But it is also so that today, “the British Jewish community is suffering a crisis of confidence,” Eylon Aslan-Levy, chairman of the National Council of the Union of Jewish Students and a member of the Board of Deputies of British Jews, has written.

This year alone the Community Security Trust (CST) has recorded a noticeable rise in the number of instances of possible hate crimes perpetuated against Jewish people in Britain.

Between January and June of this year, the CST recorded 304 anti-Semitic incidents across the country, constituting a 36 percent increase on the same period in 2013. This included a 35% increase in damage to Jewish property including synagogues and cemeteries, and a 34% increase in “abusive behavior,” which encapsulates “anti-Semitic graffiti on non-Jewish property, one-off hate mail, anti-Semitic verbal abuse and those social media incidents that do not involve direct threats.”

With the commencement of Operation Protective Edge, however, the number of incidences increased further. The most recent figure published by the CST showed that in July alone, 240 anti-Semitic incidents were reported to the organization, the second-highest month on record, behind only January 2009 which coincided with Operation Cast Lead. Ten to twenty arrest have been made and other cases are under police investigation.

Israeli army troops operating in Gaza during Operation Protective Edge (photo credit: IDF Spokesperson's Unit)

Israeli army troops operating in Gaza during Operation Protective Edge (photo credit: IDF Spokesperson’s Unit)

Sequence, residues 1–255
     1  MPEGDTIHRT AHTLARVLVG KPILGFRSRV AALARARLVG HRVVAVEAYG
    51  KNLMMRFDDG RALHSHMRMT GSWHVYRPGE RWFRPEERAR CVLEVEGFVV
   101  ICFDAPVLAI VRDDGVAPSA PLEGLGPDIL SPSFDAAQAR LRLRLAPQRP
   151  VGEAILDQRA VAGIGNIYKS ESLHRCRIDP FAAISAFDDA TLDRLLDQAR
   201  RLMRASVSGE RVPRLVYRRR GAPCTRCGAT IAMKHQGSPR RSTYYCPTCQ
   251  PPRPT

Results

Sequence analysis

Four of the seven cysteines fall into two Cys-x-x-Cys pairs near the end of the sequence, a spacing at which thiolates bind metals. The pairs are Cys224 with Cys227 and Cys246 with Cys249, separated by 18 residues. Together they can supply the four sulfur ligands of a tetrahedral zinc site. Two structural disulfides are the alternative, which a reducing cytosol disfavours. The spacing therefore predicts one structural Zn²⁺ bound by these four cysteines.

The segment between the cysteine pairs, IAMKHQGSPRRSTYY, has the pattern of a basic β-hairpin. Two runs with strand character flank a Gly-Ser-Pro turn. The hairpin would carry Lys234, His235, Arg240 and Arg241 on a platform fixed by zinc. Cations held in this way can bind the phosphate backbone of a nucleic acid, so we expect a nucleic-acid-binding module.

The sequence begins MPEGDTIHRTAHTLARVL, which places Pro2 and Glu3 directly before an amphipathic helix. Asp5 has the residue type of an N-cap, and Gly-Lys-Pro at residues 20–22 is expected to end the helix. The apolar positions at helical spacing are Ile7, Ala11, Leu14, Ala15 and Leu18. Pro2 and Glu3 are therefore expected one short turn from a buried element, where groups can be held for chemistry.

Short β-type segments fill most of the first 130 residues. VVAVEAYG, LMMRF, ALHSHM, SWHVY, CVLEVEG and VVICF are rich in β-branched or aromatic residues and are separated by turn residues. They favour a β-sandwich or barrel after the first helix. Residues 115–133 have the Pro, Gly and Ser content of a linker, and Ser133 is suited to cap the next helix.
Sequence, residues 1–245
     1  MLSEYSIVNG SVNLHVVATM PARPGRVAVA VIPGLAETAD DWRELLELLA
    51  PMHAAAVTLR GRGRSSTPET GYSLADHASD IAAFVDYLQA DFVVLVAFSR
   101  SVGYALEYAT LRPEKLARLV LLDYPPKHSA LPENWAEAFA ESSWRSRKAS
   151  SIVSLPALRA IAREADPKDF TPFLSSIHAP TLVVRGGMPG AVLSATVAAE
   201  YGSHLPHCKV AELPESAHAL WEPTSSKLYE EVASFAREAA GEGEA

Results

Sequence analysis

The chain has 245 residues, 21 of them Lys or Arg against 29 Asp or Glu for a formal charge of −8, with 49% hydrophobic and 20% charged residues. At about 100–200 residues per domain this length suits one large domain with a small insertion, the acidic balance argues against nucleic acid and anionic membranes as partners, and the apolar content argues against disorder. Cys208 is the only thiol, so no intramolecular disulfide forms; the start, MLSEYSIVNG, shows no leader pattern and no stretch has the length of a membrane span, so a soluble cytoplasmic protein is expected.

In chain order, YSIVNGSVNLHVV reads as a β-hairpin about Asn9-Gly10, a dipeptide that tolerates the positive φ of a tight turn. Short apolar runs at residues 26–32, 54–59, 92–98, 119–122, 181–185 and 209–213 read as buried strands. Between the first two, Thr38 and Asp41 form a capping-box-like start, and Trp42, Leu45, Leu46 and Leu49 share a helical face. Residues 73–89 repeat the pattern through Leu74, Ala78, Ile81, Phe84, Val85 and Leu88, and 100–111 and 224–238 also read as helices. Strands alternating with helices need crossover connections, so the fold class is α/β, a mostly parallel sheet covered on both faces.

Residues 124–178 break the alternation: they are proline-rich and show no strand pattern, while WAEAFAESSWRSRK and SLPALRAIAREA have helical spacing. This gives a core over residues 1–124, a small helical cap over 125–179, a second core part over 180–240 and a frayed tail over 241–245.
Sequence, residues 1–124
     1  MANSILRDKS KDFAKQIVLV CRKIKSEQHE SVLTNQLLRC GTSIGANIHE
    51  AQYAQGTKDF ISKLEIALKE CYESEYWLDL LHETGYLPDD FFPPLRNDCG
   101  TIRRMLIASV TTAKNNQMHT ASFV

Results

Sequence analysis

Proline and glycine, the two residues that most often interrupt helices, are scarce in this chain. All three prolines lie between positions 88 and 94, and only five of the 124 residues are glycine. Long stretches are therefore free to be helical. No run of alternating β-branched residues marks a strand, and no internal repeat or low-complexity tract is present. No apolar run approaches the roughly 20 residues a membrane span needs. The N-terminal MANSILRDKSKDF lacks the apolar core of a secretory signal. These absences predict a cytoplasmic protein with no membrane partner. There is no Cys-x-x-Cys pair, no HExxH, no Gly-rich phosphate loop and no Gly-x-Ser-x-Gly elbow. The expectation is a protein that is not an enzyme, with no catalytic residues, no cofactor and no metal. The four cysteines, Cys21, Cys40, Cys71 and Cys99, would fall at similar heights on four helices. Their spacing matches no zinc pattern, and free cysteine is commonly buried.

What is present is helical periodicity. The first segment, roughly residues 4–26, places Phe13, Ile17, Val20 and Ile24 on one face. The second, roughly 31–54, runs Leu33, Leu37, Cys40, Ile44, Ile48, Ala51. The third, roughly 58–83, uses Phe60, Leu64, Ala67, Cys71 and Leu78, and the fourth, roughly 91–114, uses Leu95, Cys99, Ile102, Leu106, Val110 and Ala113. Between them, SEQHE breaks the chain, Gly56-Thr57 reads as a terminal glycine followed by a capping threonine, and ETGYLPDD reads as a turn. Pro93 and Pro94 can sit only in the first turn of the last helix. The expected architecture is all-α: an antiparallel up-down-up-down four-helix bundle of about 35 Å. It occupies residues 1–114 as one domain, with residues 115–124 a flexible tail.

“British Jews, like those elsewhere, will continue to suffer local anti-Semitic impacts from overseas events and global ideological trends, especially political Islamism and violent Jihadism,” Mark Gardner, Director of Communications for the CST, has said.

The existence of the Campaign Against Anti-Semitism is not only a response to these trends in society, which are to some extent grounded in statistics but also a response to a feeling or fear of anti-Semitism in the community. It is also a manifestation of a discontent felt by some British Jews about what official institutions are or are not doing, when faced with rising recorded incidences of anti-Semitism.

At the rally, there was audible booing when the representatives of the Board of Deputies – President Vivian Wineman and Senior Vice President Laura Marks – ascended the podium to speak. The Jewish Chronicle’s Marcus Dysch tweeted that people were shouting things like “you need to do more,” “resign,” and “shame.”

The Times of Israel was witness to two argumentative confrontations between Wineman and those attending the rally, including one in a coffee shop across the road after the rally had concluded.

Vivian Wineman (photo credit: Courtesy)

Vivian Wineman (photo credit: Courtesy)

“People in the grassroots are so disillusioned,” the man told Wineman, noting the efforts of Friends of Israel organizations across the country occurring independent of the Board, before leaving complaining that the leaders of the community never listen to people’s concerns.

But this criticism is not exclusive and cuts both ways. Other voices in the community have questioned why official community institutions have so swiftly lent support to the Campaign Against Anti-Semitism, an organization that is unelected and unaccountable – and to that extent, unrepresentative.

Writing a blog for The Times of Israel, the author and academic Stephen Games argued that since the community knows little about the people who run the Campaign Against Anti-Semitism, “I fear, therefore, that the rally is going to be an unknown quantity and that the rest of us — those who attend and those who don’t — may be left having to face unknown consequences.”

“We recognize that this coming together of people, outside of any organized structure or communal body, is one that has spoken very clearly and struck a chord with many people,” Sacerdoti said. “We are campaigning here about something that is very worthwhile, that regular Jewish people in Britain are very concerned about.”